Many people consider photography to be a complicated and expensive hobby. When the word “photographers” comes to mind, they picture people carrying blocky DSLRs attached with big lenses while struggling to balance their tripods on their shoulders. Moreover, these people tend to communicate in a nerdy language incomprehensible to others. However, you don’t need to spend thousands of dollars and learn those technical terms to take good pictures. Nowadays, most people already have a decent camera on their phone right in their pockets, and with a passion to capture special moments and sceneries, anybody can become a great photographer. Therefore, whether you’re a newcomer interested in photography or an enthusiast waiting to see what this new photography columnist is up to, here are five quick tips to up your photography game instantly.
First, use the Rule of Thirds. The Rule of Thirds is one of the most commonly used composition techniques in photography. You apply this rule by placing the photo’s subject on a tic-tac-toe-like grid, consisting of two equally spaced horizontal lines and two equally spaced vertical lines dividing the frame, as shown in the picture. (Most smartphones and DSLRs provide the option to display this grid while shooting.) These four lines are called “thirds” since they divide the frame into equal thirds, and their four intersections are known as “powerpoints.” Studies show that our eyes tend to focus along the “thirds ”when we first view an image and the “powerpoints,” being the intersection of two “thirds.” Furthermore, points of interest placed on “powerpoints” and “thirds” create a balance pleasing to the human eyes. Thus, the Rule of Thirds both emphasizes the subject and balances the photo. Take my picture on the right, for example. The first thing you see when you look at my photo is the flower because it’s right on a “powerpoint,” drawing your eyes to my subject, and its placement on a “third” also gives the photo a sense of balance. Therefore, simple yet effective, the Rule of Thirds is a technique every photographer should learn to utilize.
Secondly, find creative perspectives. Near tourist attractions, it’s a common sight to see people whip out their phone, point it at the scenery, click the shutter, and then just leave. Nothing is wrong with this “snap and go” method, but a few more moments to consider the composition may lead photographers to a creative photo from a unique angle that all the other hundreds of tourists at the same place failed to capture. This picture of Taipei 101, for instance, almost didn’t come to existence because of my “snap and go” mindset. I stopped to snap a few pictures of Taipei 101 on my way hurrying home, and just when I decided to leave, I noticed a row of walls with the names of every contributor of the tower’s construction written on them. Using the reflective nature of the wall, I took this picture. Because of the different perspective, this photo tells a deeper story. I could have missed this shot if I wasn’t lucky enough to discover those walls, so we should always keep an eye out for these creative perspectives. Perhaps it’s a puddle of water with a crystal clear reflection or shadows lengthened by a setting sun–these are the highlights that make a photo truly exceptional.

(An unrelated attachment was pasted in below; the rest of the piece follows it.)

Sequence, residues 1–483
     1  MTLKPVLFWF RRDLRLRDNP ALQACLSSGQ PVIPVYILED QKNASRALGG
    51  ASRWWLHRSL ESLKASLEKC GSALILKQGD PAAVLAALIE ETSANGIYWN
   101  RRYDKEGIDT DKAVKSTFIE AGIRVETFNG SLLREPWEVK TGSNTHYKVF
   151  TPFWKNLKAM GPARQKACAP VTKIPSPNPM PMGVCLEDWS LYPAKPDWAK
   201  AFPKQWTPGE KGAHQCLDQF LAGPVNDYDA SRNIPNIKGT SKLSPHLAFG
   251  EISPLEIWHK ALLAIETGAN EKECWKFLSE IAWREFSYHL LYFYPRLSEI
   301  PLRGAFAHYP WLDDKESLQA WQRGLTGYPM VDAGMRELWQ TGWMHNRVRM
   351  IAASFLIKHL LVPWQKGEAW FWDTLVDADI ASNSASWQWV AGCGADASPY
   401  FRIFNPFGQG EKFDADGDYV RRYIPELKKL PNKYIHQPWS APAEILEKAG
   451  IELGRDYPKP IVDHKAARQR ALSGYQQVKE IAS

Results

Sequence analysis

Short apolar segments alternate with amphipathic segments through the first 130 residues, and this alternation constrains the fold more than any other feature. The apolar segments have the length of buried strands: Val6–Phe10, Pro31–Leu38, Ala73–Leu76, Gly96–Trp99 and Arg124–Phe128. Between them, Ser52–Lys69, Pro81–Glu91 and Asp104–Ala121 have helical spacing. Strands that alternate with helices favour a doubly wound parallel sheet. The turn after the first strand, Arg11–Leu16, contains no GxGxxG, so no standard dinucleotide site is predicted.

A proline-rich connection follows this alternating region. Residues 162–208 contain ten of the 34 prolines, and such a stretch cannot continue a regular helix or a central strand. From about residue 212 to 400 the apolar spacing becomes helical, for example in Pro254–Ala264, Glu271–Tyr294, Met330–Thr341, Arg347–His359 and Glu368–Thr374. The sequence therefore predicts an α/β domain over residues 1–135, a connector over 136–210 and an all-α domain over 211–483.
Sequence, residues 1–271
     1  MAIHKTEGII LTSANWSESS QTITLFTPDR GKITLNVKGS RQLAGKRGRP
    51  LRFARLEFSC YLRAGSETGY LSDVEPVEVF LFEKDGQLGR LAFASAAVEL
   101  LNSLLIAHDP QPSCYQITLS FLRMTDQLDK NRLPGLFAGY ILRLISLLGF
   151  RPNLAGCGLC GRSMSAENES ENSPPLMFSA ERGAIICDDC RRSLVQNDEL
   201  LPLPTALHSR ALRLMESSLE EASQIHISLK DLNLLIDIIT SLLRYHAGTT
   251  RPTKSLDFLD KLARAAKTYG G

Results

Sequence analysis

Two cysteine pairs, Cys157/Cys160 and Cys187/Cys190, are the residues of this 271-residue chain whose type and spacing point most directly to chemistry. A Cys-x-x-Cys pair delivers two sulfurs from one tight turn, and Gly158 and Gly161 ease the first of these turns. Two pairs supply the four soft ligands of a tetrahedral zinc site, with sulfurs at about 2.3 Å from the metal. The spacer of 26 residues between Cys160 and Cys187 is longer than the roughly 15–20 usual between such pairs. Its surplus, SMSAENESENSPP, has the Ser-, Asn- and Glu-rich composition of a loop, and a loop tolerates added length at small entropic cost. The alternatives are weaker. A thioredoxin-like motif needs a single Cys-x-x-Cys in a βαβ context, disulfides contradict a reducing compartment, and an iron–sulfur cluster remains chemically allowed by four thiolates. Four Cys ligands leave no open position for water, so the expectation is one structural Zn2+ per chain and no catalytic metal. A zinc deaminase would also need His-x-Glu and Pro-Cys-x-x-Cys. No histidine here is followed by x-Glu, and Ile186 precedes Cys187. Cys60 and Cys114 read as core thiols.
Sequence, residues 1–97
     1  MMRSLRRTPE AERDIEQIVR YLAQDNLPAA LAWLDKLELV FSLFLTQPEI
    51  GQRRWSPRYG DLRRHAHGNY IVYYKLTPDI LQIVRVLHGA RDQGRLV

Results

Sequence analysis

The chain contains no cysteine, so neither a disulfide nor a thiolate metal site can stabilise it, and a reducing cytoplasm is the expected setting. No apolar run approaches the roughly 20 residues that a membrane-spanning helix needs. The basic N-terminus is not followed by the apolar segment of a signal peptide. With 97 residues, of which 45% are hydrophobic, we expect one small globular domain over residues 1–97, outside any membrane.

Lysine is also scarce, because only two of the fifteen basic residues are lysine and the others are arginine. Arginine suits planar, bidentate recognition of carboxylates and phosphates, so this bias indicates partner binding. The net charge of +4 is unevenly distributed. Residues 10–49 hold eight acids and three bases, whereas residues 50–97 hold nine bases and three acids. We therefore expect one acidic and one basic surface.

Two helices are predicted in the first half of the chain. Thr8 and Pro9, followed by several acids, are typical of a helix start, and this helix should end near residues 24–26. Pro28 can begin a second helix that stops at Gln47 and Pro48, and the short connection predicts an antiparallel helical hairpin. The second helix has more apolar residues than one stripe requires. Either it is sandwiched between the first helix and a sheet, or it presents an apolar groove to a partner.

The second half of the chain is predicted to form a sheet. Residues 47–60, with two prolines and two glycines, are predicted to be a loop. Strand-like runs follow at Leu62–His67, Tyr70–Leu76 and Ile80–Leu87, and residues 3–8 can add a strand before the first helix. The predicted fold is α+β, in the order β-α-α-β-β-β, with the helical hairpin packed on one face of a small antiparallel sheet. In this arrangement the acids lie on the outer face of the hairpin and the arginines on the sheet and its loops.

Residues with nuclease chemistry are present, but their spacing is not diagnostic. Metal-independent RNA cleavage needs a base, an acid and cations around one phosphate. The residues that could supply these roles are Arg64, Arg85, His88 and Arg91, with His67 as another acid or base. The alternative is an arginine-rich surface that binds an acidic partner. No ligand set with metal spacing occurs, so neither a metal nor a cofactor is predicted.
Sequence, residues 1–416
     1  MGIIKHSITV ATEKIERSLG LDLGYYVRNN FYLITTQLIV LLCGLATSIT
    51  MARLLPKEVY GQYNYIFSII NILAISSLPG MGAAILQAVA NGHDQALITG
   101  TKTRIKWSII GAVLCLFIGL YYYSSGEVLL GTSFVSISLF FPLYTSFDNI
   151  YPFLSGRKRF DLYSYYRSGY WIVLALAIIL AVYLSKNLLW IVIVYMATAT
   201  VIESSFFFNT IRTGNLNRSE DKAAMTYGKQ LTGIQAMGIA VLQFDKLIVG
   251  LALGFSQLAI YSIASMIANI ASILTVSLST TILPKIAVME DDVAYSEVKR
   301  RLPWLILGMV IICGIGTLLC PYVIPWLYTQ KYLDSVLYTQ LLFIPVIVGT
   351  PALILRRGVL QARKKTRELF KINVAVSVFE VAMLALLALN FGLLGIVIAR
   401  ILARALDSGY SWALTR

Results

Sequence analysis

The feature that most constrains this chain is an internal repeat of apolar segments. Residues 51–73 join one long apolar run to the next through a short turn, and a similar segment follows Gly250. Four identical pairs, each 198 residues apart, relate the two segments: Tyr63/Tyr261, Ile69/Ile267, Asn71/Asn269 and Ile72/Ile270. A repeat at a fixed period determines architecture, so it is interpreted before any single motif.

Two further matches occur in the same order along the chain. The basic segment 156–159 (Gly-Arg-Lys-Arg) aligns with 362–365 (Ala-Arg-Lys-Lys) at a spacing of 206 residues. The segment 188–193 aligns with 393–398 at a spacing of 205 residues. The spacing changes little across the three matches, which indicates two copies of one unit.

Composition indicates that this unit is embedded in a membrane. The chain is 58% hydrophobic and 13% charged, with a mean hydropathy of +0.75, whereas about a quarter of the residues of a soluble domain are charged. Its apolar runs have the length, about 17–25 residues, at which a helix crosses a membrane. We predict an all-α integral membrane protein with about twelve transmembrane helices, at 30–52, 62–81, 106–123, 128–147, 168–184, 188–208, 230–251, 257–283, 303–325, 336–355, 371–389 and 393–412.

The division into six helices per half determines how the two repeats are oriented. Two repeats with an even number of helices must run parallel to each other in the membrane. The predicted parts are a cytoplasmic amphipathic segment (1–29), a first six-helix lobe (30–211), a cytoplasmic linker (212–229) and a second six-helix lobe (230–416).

You can tweak and enhance photos by editing them to your preference. Post processing doesn’t require intimidating softwares like Adobe Photoshop or Lightroom–it can simply mean playing around with the editing features in Apple’s Photos application or some free applications such as Snapseed, which I used to edit the pictures on the right. These applications are not as complicated as one may think; most of them only include sliders to adjust different aspects of the photo. Experiment with these sliders, and just go with what looks best. Think of the process as painting on the photo or designing a customized filter for it. For example, by adding a little contrast, clarity, and saturation, this shot taken with my iPhone already looks so much better. (Notice also that the horizon is on a third and the wind turbine on a powerpoint)
As Ms. Thomas likes to say in photography class, “The rules are there to break!” Photography is all about creativity, so don’t confine yourself to all the tips and rules. If you think a picture will look better with a different composition than the Rule of Thirds, go ahead and take it! The tips given from photographers are meant to boost your creativity, not to limit it. So as long as you can get better results, break as many rules as you want!
One of the most crucial tips I can give is to critique your own photos. I deliberately put this tip after “The Rules Are There to Break!” because I believe this is the only one that should not be broken. One can only improve by knowing ones shortcomings, and the same principle applies to photography. Having your photos critiqued by yourself or others is the best way to improve. For example, I was quite proud of this portrait I took of my dad. Then my swimming coach, who also knows photography, pointed out how distracting that tissue in the corner is, so I learned to clear unnecessary distractions away before I shoot.
In conclusion, creativity is all you need for photography, not expensive equipments or knowledge of incomprehensible terms. Anybody with the passion to do so can become a photographer. I hope these tips can help you kickstart that process.
Thumbnail: [Camera Lens]. (n.d.). Retrieved August 20, 2020, from https://cdn.mos.cms.futurecdn.net/bFisH7Hks63k3hmLQsMmxY.jpg